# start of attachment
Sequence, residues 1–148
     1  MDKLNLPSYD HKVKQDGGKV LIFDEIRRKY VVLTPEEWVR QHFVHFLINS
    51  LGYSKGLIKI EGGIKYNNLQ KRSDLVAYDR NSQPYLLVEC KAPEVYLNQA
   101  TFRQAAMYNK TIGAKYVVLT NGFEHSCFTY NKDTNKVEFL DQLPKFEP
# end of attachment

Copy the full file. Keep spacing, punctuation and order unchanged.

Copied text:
Sequence, residues 1–148
     1  MDKLNLPSYD HKVKQDGGKV LIFDEIRRKY VVLTPEEWVR QHFVHFLINS
    51  LGYSKGLIKI EGGIKYNNLQ KRSDLVAYDR NSQPYLLVEC KAPEVYLNQA
   101  TFRQAAMYNK TIGAKYVVLT NGFEHSCFTY NKDTNKVEFL DQLPKFEP